its Side Streets. CAIRTT 4. Route. 43
said to contain the head of Hosen. The head is said to have been
brought to Cairo in a green silk bag. This tomb-mosque is chiefly
frequented by men on Thursdays, and by women on Saturdays.
On leaving the mosque we turn into the Mashdad el-Heseni
(PI. E, 3), cross the Sikkeh el-Gedideh (p. 42) obliquely, and enter
the Shabi'a el-Halwagi (PL E, 3), which is mainly occupied by the
score or more stalls of the Booksellers.
Most of the booksellers are also scholars, and their shops are the resort
of the learned world of Cairo. As the prices of books vary greatly in
accordance with the demand and other circumstances and there is no
such thing as a fixed publishing price, purchasers should always endea¬
vour to ascertain beforehand the true value of any work they wish to
buy. As in the case of many other wares, the line between new and
second-hand books is not so strictly drawn in the East as in Europe.
The booksellers generally keep catalogues, several feet in length, to
refresh their memories regarding the state of their stock. The Koran,
which is shown very reluctantly to non-Muslims, is kept separate' from
the other books. The books are not arranged side by side as in Eu¬
ropean shops, but piled up in a very inconvenient fashion. Many of them
are sold in loose sheets, in which case the purchaser should see that
the work is complete, as gaps are of frequent occurrence. The bindings
usually consist of leather or pasteboard. Valuable books are often kept
in cases of red sheepskin, out of which they are drawn by means of a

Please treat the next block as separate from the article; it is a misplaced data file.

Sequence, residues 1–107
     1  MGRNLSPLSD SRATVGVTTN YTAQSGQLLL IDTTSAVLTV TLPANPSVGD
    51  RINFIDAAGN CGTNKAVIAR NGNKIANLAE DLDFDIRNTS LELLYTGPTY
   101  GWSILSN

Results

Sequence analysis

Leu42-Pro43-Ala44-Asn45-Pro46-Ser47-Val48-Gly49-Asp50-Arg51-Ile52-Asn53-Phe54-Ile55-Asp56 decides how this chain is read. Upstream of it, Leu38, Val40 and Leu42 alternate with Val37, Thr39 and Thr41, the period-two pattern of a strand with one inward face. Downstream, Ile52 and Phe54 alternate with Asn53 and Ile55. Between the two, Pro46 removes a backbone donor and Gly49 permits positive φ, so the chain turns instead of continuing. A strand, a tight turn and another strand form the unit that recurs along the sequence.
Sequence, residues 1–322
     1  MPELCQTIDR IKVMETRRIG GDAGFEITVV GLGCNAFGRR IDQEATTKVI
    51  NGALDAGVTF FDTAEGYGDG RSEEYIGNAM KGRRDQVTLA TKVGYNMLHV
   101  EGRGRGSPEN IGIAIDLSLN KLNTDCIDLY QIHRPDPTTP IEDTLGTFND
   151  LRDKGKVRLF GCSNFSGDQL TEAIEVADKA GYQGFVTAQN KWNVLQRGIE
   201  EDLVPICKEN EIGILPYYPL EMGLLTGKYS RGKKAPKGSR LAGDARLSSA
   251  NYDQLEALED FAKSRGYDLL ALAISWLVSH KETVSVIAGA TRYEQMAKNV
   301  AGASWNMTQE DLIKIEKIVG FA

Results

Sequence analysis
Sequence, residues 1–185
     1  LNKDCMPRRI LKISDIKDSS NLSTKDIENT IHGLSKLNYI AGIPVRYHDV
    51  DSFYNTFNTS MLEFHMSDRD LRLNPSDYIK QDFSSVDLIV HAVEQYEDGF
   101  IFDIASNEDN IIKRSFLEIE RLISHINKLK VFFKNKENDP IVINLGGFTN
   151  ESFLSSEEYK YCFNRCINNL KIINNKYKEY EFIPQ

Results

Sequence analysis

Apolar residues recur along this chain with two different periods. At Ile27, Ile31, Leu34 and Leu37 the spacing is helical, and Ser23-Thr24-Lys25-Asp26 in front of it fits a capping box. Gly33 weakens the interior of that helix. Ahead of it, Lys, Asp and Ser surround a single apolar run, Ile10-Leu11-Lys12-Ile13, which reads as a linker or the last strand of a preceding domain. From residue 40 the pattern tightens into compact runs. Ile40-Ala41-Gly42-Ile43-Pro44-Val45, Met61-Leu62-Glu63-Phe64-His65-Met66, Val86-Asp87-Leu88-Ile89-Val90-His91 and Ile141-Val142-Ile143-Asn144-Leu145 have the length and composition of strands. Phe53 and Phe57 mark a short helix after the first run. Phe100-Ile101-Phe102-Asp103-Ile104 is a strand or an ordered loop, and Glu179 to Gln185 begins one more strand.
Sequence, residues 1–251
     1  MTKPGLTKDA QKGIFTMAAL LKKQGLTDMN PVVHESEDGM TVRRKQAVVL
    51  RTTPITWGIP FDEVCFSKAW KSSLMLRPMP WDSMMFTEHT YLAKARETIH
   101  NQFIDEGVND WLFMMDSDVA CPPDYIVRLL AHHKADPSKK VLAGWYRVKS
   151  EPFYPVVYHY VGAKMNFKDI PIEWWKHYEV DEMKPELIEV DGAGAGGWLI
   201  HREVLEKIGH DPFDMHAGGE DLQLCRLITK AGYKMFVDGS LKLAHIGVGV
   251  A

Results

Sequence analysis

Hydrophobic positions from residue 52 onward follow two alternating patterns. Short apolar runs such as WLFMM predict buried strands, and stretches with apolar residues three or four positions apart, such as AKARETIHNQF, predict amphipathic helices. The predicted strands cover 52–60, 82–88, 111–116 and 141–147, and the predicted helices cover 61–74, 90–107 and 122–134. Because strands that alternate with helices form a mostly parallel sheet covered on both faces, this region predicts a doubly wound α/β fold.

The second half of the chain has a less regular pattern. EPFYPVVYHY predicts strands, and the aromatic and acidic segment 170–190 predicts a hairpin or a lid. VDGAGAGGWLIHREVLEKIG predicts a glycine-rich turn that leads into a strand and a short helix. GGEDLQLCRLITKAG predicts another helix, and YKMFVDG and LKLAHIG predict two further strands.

loop. — The workmanship of the bookbinders, who, like other Oriental
artizans, work in the open street, is far inferior to European productions.
Red is their favourite colour.
We now proceed to the left to the W. entrance of the Mosque
The *Gami'a el-Azhar (PL E, 3, 4), the 'blooming', the most im¬
portant monument of the Fatimite period, was completed in 973 A.D.
by Gohar, the vizier of the Fatimite Sultan Mu'izz, and was converted
into a University in 988 by Khalif el-'Aziz (p. xciv). The rectangular
ground-plan of the original building is easily recognizable, but
it has been so frequently restored that no part of it can be said
to date actually from the Fatimite period except the central part
of the sanctuary, with its cupolas. Everything outside this rectangle
is known positively to be of later date. The characteristic old
ornamentation of the arcades and cupolas deserves special attention;
that of the walls has been for the most part renewed after vanished
patterns. The arcades of the court (sahn) were rebuilt under the
Khedive Tewfik with scrupulous reproduction ofthe old style and
the retention of the old columns. — The successive rulers of Egypt
have emulated each other in maintaining and enlargingthis venerable
huilding. In the 18th cent, the wealthy 'Abd er-Rahman added four
aisles to the sanctury, and in more recent days Sa'id Pasha and the
Khedives Tewfik and 'Abbas II. have been notable benefactors of
the mosque. 'Abbas II. erected a new building in place of the
dilapidated N.W. side of the mosque, and his neo-Arab facade
is practically the only one the mosque boasts, the other sides being
all quite unpretentious and concealed in narrow lanes.
The principal entrance (PL a), where strangers receive a guide,
is on the N.W. side, and is called Bab el-Muzeyinin, or 'Gate of the